13 NSAs oppose bill banning minors in contact sports


    AT least 13 National Sports Associations in combat sports are against a proposed bill banning athletes aged 17 and below from taking part in competitions, stressing this could spell the end of grassroots development for their respective disciplines if the measure is passed.

    The opposition to House Bill No. 1526 authored by Ako Bicol party-list representatives Alfredo Garbin Jr. and Elizaldy Go was contained in a manifesto issued last Sunday.

    The signatories in the six-page position paper were led by Senate majority leader Juan Miguel Zubiri, the president of the Philippine Eskrima and Kali-Arnis Federation.

    Other sports NSA officials who signed the document were second Philippine Olympic Committee second vice president and fencing head Richard Gomez, POC Executive Board member and judo chief Dave Carter, wrestling honcho Alvin Aguilar, karate head Ricky Lim, pencak silat chief Princess Jacel Kiram and sambo head L. Pietro Claudio.

    Also signing the petition were POC board member and muay thai secretary general Pearl Managuelod and counterparts Ed Picson, Julian Camacho, Wharton Chan, Ferdie Agustin and Rocky Samson of boxing, wushu, kick boxing, jiu-jitsu and taekwondo, respectively.

    Even POC president Bambol Tolentino has expressed opposition to the proposed bill.

    The lawmakers, explaining the rationale behind the proposed law, noted that “while acknowledging the importance, benefit, and values that can be derived from participating in these sports, this bill also recognizes the paramount need to protect the minors.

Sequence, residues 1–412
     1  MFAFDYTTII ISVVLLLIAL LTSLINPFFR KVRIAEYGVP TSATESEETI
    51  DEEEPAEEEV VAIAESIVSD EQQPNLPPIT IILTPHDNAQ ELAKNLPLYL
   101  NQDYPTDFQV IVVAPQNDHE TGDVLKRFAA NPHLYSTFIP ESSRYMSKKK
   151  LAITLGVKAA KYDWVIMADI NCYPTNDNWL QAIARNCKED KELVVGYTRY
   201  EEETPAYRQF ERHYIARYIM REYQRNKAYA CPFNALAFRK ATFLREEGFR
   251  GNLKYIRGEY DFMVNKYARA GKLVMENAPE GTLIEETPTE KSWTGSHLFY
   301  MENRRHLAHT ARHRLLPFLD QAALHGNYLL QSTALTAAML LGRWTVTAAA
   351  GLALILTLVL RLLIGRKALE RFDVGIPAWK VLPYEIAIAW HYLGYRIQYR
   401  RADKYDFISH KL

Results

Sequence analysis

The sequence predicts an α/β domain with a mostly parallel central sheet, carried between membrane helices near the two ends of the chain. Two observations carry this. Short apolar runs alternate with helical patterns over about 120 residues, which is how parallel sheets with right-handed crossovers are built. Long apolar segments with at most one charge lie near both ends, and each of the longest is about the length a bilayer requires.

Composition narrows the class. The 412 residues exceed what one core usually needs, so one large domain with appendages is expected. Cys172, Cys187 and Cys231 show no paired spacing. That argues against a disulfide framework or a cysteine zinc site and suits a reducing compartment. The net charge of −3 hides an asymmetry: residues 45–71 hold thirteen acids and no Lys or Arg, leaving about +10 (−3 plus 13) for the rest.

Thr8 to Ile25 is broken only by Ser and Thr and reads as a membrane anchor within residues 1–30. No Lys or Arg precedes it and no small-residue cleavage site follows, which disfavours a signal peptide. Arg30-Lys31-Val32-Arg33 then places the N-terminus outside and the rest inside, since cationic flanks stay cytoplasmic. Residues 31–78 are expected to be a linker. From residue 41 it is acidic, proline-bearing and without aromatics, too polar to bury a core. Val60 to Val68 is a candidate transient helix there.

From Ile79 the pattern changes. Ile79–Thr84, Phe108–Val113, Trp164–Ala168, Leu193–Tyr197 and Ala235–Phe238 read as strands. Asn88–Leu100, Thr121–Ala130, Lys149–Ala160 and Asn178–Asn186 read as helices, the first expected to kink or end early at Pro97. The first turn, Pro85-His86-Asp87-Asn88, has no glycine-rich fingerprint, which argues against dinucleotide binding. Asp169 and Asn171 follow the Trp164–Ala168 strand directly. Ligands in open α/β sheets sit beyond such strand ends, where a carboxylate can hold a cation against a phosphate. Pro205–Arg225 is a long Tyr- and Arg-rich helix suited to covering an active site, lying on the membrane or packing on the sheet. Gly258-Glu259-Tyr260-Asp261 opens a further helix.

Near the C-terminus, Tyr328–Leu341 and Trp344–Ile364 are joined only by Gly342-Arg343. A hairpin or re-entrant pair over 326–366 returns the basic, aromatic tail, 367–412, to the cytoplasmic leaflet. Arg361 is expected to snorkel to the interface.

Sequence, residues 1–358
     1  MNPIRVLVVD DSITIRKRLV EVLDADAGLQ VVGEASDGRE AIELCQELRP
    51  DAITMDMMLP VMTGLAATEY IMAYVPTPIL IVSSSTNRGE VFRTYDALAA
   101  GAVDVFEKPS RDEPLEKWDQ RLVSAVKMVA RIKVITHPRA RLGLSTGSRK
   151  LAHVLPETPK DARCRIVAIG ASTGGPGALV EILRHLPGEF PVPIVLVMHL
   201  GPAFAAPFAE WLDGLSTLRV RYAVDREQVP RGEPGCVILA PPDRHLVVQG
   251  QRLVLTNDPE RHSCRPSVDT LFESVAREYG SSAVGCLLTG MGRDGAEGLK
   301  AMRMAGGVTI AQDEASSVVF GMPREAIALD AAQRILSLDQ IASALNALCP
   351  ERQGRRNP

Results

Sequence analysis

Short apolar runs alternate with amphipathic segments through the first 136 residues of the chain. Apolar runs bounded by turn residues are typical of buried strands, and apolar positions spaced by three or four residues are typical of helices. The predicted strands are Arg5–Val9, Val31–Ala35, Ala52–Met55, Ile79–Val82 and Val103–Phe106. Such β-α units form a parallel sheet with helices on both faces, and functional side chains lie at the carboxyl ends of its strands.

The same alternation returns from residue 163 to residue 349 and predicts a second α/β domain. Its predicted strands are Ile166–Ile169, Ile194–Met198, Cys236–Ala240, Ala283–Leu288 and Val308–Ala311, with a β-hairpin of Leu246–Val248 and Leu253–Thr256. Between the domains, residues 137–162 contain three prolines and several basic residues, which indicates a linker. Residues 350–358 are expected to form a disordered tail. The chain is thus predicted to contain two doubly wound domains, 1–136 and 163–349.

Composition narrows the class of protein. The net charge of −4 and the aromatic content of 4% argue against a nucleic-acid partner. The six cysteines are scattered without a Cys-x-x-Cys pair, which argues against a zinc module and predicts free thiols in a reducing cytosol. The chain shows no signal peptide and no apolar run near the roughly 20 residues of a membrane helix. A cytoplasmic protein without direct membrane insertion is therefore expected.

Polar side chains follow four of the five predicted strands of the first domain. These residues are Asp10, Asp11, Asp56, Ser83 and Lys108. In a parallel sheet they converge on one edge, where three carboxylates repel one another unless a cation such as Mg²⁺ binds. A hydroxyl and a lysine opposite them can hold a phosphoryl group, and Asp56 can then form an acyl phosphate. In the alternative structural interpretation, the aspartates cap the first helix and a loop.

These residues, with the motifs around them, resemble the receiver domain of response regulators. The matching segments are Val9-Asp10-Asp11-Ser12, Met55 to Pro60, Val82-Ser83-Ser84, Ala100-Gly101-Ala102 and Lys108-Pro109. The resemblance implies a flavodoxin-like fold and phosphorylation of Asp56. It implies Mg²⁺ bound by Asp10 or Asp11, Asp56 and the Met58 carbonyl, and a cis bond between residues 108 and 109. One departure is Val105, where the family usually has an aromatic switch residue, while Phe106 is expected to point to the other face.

“Such responsibility is imposed on parents, guardians, schools and sports associations because the minors are incapacitated (sic) to give consent nor can they waive any right of action for injuries inflicted upon them during and connection with such activities.”

    The bill would penalize parents, guardians, organizations, associations and schools if minors – those 17 and below – are caught competing in combat sport competitions.

    A hearing of the planned law is settomorrow at the House of Representatives, with NSA officials and other stakeholders such as the Philippine Olympic Committee and Department of Health, among others, invited to explain their sides on the issue.

    “Mamamatay po ‘yong grassroots sports natin, especially judo, if this bill is passed. It will set us back and will leave us behind with the rest of the other countries that start training their athletes as young as four years old,” Carter said on behalf of the NSAs concerned.

    He added their international federations have laid down guidelines and protective gear to safeguard the health and safety of their athletes, which was highlighted in the manifesto.

    “In our own sport we have been fortunate not to have suffered any concussions during our competitions over the past years because of these safeguards and guidelines. The worst injuries we’ve had are dislocations, which we regard as ‘minor’ in our sports,” Carter, who is the Judo Union of Asia sports director, explained.

    He added that his own discipline was cited by the United Nations Educational, Scientific and Cultural Organization as one sport that was ideal for a child’s physical growth and development because “it helps in fostering psycho-motor functions and decision-making.”

    Carter also pointed out that judo, the first combat sports to be introduced in the Olympics during the 1964 Tokyo Games; taekwondo and karate were included in the calendar of events of the Youth Olympic Games where the athletes competing are aged 17 and below.

    “We know that the authors of the bill are well-meaning, but we ask them to review the measure carefully and its consequences to local sports development under its present form,” he said.